ADOT’s Insurance Recovery Unit recoups millions for damage to highways

Using Arizona Management System has dramatically improved results

PHOENIX – In another example of the Arizona Management System producing results for taxpayers, the Arizona Department of Transportation recouped $6.6 million for damage to the state highway system during the fiscal year that ended June 30. That’s more than double what the agency recovered four years before and reflects continuous increases since then.

Workers surveying bridge damage on I-17 Seventh Avenue Bridge - October 2017ADOT accomplishes this through its Insurance Recovery Unit, which has a goal of saving Arizonans from bearing the cost of repairs when individuals or firms are responsible for damage to the highway system. Comprised of professionals with insurance industry backgrounds, the unit reaches out to the responsible parties and their insurance carriers to recover the repair costs, which include labor, equipment and materials.

The money recovered goes into the State Highway Fund.

One case of damage that made headlines last year illustrates the value of this work: An over-height vehicle struck a girder and sign at the Interstate 17 bridge over Seventh Avenue in Phoenix (show in the photo), requiring extensive repairs along with traffic restrictions. The Insurance Recovery Unit has documented $361,430.15 in repair costs so far, and the recovery process will begin when the final total is available in the coming weeks.

“Making sure those who damage state property are held accountable protects Arizona’s investment in its highway system,” said Ted Howard, deputy director for ADOT’s Administrative Services Division, which includes the Insurance Recovery Unit. “Applying principles of the Arizona Management System has enabled us to dramatically increase insurance recovery to the benefit of Arizonans.”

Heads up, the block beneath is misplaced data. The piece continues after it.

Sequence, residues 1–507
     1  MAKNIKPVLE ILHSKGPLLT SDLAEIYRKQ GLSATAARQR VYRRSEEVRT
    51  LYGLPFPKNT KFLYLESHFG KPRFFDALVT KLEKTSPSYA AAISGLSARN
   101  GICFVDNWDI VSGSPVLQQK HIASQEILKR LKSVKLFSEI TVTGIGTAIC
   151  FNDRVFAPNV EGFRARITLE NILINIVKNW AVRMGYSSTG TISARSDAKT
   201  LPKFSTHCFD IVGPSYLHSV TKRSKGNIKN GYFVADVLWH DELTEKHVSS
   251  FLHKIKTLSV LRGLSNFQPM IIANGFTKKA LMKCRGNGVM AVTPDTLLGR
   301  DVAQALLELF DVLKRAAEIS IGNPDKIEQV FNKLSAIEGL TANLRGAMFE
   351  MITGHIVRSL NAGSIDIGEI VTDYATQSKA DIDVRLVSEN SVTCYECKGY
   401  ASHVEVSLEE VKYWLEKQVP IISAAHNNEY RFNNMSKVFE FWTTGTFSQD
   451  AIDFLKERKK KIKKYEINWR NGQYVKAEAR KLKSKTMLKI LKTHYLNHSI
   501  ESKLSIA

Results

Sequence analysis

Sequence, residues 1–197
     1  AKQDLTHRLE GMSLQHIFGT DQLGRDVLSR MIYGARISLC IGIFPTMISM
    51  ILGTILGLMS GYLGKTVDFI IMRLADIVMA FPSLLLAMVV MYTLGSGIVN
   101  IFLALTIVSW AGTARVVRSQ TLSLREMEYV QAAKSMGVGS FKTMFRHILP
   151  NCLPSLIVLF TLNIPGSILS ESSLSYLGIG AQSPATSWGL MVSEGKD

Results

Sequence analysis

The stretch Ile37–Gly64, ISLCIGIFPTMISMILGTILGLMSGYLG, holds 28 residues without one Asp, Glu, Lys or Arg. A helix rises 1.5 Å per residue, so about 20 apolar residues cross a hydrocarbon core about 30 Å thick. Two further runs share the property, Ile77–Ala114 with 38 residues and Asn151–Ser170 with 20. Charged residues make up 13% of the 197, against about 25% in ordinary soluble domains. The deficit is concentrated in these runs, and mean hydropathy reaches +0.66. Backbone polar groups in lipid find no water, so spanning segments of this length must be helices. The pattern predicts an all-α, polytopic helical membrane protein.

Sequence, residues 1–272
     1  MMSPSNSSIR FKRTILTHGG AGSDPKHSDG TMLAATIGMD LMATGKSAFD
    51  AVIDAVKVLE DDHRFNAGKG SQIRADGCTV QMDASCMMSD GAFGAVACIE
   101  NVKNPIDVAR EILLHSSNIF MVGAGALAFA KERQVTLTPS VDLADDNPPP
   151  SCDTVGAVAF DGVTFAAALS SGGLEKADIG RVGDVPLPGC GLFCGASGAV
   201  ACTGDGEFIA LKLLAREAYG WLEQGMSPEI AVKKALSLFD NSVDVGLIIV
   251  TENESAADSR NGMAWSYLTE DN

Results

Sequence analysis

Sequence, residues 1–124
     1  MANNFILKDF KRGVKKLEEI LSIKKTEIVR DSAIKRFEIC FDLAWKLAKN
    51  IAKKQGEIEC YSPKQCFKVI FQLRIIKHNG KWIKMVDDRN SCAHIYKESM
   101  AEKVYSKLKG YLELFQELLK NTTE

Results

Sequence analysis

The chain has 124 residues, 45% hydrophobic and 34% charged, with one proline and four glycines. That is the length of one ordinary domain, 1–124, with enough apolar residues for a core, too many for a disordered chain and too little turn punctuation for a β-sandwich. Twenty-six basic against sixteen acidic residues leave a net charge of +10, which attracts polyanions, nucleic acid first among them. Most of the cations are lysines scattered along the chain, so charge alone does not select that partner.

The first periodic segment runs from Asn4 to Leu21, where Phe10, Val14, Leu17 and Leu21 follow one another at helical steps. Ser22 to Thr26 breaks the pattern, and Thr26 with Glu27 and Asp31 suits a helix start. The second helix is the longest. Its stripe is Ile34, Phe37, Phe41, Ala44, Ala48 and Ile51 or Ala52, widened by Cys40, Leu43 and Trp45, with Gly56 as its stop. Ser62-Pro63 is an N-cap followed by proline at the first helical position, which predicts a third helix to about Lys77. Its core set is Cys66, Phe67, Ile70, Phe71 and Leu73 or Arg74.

Championed by Governor Doug Ducey, the Arizona Management System challenges every state employee to continuously look for ways to improve agencies’ value to customers, including taxpayers.

Process improvements within the Insurance Recovery Unit include reorganizing operations to have separate teams tasked with researching responsible parties, sending requests and negotiating the final amounts recovered. Before that, each adjuster in the unit handled all aspects of a claim.

“Now we have the best individuals in the right jobs,” said Jim Cupp, who leads the Insurance Recovery Unit. “The efficiency of this model has allowed us to greatly increase recoveries with the same number of employees.”

In fiscal 2014, the unit processed 1,400 claims to recoup more than $3.1 million in damage to the state highway system. For fiscal 2018, the unit handled 2,652 claims to recover $6.58 million. That’s up from $5.41 million in fiscal 2017 and $4.94 million in fiscal 2016.

The recovery process begins when law enforcement responds to an incident in which guardrail, a bridge or some component of the highway system has been damaged. The officer will mark the damaged item with a sticker that has the incident report number on it. When ADOT is notified of the damage and makes the repair, a member of the Insurance Recovery Unit will contact the responsible party or their insurer to file a claim.

Since July 2013, ADOT’s Insurance Recovery Unit has processed more than 12,000 claims.